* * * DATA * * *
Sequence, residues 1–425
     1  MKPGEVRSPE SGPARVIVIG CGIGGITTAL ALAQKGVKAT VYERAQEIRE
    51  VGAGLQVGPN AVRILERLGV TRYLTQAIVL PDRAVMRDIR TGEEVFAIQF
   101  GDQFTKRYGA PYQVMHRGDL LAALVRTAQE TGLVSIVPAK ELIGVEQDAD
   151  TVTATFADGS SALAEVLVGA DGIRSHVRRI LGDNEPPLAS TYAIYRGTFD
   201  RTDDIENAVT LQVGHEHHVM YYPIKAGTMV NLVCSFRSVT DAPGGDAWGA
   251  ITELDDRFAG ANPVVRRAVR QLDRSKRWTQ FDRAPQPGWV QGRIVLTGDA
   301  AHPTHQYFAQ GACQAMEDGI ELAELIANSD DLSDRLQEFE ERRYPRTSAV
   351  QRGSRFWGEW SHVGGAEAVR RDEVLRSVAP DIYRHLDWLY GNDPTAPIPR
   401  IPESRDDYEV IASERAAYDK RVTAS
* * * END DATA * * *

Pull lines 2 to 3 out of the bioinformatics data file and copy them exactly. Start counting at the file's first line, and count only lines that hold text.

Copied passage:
     1  MKPGEVRSPE SGPARVIVIG CGIGGITTAL ALAQKGVKAT VYERAQEIRE
    51  VGAGLQVGPN AVRILERLGV TRYLTQAIVL PDRAVMRDIR TGEEVFAIQF